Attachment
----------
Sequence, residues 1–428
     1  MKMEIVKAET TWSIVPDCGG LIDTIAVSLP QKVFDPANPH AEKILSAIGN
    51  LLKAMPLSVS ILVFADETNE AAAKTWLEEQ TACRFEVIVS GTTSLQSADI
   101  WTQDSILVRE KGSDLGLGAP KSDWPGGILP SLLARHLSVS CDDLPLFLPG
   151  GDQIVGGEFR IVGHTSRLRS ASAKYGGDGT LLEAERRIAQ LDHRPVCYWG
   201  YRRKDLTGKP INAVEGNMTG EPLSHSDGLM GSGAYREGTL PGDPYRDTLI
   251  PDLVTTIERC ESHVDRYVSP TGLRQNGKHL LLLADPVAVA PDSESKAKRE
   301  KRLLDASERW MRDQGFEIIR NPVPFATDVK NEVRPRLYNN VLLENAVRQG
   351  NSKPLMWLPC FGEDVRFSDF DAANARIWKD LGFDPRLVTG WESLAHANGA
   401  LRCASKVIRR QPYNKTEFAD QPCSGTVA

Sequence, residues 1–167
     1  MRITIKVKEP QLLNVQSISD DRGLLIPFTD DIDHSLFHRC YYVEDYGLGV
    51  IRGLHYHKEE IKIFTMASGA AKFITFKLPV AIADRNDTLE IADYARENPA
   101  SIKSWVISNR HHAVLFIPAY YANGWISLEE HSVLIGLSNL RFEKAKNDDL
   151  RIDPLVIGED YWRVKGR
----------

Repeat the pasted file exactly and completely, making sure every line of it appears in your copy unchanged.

Sequence, residues 1–428
     1  MKMEIVKAET TWSIVPDCGG LIDTIAVSLP QKVFDPANPH AEKILSAIGN
    51  LLKAMPLSVS ILVFADETNE AAAKTWLEEQ TACRFEVIVS GTTSLQSADI
   101  WTQDSILVRE KGSDLGLGAP KSDWPGGILP SLLARHLSVS CDDLPLFLPG
   151  GDQIVGGEFR IVGHTSRLRS ASAKYGGDGT LLEAERRIAQ LDHRPVCYWG
   201  YRRKDLTGKP INAVEGNMTG EPLSHSDGLM GSGAYREGTL PGDPYRDTLI
   251  PDLVTTIERC ESHVDRYVSP TGLRQNGKHL LLLADPVAVA PDSESKAKRE
   301  KRLLDASERW MRDQGFEIIR NPVPFATDVK NEVRPRLYNN VLLENAVRQG
   351  NSKPLMWLPC FGEDVRFSDF DAANARIWKD LGFDPRLVTG WESLAHANGA
   401  LRCASKVIRR QPYNKTEFAD QPCSGTVA

Sequence, residues 1–167
     1  MRITIKVKEP QLLNVQSISD DRGLLIPFTD DIDHSLFHRC YYVEDYGLGV
    51  IRGLHYHKEE IKIFTMASGA AKFITFKLPV AIADRNDTLE IADYARENPA
   101  SIKSWVISNR HHAVLFIPAY YANGWISLEE HSVLIGLSNL RFEKAKNDDL
   151  RIDPLVIGED YWRVKGR